We've seen how great prohibition worked. We've seen how successful the 40 yr drug war has been in reducing drug use in America. But Gun Control will be different?

Isn't it funny how Americans repeat the same  mistakes over and over and over?

hlain9152
hlain9152

The lies start with the third sentence of the article when the so-called author talks about the "explosive recoil" of the AR-15 In the next sentence he talks about the "heavy weapon." There is almost no recoil from an AR-15 and it is far from a "heavy" weapon. The lies and exaggerations go on from there. I have to wonder if this clown even fired the rifle as he says. Probably too wimpy and metrosexual to even try.

Bigdic
Bigdic

Florida has to be one of the most ignorant backward states in the union. Red necks in pickup trucks with a 2nd grade education yet all have rifle racks & packing. Blacks, Cubans, Mexican illegals all looking for an open window or an unlocked door. What a sh*t hole Fla has become. The old people who scammed up north & relocated south want everybody to now obey the law. Hypocrite Mother F...kr's. Turn out the lights, cut off the state @ the panhandle .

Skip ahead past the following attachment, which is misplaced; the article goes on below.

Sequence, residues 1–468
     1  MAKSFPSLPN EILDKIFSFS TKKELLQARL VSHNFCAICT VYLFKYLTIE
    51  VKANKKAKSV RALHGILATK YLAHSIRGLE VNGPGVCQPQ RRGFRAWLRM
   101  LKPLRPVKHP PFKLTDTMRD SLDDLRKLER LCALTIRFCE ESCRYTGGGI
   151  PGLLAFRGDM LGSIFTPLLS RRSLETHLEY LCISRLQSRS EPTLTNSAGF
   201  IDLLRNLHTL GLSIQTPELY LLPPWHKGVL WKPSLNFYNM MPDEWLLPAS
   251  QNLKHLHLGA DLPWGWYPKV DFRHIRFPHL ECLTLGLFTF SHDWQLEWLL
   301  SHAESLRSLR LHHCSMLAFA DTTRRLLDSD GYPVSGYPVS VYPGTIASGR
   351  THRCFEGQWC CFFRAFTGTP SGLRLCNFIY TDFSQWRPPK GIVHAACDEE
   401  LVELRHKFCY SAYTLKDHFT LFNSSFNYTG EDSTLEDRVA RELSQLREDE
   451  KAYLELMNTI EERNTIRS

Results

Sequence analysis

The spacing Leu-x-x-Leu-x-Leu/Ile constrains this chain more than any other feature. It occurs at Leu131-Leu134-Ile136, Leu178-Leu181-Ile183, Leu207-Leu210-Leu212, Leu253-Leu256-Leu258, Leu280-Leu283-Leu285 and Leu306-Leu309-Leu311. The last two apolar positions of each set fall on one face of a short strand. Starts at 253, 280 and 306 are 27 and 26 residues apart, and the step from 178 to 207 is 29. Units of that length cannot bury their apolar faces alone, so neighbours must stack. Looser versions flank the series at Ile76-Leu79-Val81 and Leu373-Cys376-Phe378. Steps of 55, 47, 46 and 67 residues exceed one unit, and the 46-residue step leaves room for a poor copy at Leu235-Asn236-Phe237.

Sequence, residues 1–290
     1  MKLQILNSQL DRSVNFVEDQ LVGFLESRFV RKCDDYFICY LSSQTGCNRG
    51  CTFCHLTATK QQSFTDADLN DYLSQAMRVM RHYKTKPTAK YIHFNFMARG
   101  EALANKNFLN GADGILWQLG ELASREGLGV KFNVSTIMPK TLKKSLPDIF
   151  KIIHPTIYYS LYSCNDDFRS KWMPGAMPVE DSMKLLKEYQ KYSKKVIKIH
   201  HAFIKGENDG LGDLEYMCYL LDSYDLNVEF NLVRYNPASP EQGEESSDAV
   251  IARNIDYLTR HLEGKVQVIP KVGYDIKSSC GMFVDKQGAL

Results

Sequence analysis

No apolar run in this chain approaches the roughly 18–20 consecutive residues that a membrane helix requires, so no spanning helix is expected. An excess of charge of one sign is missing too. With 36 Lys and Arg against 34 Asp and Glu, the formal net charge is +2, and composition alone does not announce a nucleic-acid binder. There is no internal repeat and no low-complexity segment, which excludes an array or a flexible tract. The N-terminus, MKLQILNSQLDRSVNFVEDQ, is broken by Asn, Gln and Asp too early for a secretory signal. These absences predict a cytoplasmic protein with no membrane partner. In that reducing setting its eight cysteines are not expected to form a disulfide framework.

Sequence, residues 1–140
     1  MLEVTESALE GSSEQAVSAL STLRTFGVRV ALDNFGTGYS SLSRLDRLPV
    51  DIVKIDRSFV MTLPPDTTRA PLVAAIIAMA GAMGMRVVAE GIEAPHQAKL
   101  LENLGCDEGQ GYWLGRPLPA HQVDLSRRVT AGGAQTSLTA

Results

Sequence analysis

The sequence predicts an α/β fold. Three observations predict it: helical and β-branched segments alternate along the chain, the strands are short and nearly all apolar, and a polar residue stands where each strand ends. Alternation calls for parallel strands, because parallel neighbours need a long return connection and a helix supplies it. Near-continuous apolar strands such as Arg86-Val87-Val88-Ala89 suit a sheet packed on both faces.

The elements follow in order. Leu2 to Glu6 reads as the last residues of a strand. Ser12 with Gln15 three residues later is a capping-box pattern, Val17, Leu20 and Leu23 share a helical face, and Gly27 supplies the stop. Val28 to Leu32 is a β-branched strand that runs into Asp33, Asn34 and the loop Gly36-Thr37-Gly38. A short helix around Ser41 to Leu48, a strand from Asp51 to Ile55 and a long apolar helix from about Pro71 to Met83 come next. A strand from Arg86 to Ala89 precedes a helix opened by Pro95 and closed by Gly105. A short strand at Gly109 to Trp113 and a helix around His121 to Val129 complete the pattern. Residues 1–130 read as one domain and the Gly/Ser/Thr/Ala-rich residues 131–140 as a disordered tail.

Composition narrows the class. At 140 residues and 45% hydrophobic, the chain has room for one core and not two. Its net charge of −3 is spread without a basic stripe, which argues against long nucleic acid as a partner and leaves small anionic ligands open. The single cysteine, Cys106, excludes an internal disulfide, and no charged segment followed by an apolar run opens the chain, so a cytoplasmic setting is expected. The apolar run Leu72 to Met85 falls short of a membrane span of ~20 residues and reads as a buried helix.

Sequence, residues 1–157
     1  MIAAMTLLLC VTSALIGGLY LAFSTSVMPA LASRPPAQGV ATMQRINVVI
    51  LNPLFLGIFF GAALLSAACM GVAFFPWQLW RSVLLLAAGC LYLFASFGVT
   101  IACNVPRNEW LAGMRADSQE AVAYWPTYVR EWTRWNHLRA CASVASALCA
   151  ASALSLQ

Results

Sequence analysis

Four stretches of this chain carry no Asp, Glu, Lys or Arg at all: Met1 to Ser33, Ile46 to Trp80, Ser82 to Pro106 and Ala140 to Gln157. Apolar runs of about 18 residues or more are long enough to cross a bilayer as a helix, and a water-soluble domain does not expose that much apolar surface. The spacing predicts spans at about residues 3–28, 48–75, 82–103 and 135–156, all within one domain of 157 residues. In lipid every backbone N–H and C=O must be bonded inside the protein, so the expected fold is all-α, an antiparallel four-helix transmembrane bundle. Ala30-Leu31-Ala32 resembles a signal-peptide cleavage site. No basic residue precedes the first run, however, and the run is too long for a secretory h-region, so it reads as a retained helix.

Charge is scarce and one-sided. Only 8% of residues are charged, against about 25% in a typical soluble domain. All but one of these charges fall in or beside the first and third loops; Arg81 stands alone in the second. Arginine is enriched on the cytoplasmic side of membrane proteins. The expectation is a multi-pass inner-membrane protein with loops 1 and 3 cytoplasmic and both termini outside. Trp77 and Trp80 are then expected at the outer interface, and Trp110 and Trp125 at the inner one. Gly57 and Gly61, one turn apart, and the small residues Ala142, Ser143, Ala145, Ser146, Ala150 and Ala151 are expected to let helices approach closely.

run.randrand
run.randrand

( HAD TO CLEAR THE "POP-UP-JIG-MUGGER"" POP UP TARGET THAT KEEPS ANNOYING--YA KNOW-"BLACK LEX LUTHER"!)MY-MY-MY-IT'S WEDNESDAY, BOYZZ AND GIRLZZ-AND NOT A MENTION ON YAHOO BLOG OF THE DEAD CORPSES ALLLLL OVER WEST KENDAL OF THE FAMILY THAT SHOT IT OUT LIKE BONNIE AND CLYDE WITH THE COPS LAST NIGHT! COPS WON---THIS TIME---BUT BET ON LI'L DEBBIE WASSERMAN-SCHULTZ WAVING THE ARTICLE BEFORE THE LEGISLATORS IN FLORIDA, AND BLEATING FOR MASSIVE SEIZURES OF "ASSAULT TYPE WEAPONS" AND HIGH-CAP AMMO MAGAZINES! ONLY PROBLEM IS---AS WE KNOW-EVEN BONNIE AND CLYDE AND THE OLD STYLE CHICAGO GANGSTERS USED WEAPONS THAT  WERE THREATENING.....NOTHING NEW FOR GANGSTERS.AS THE GOVERNMENT MOVES TO TAX AT EVERY TURN, AND CHEAT THE PUBLIC OF GOODS AND SERVICES..THIS ENMITY WILL BOIL OVER TO POPULOUS REVOLUTION--FAR DIFFERENT THEN "JUST A FEW ISOLATED GANGSTERS RUNNING AMOK. KNOW THE DIFFERENTIATION---THE GOVERNMENT REALLY FEARS---Y-O-U!!!!!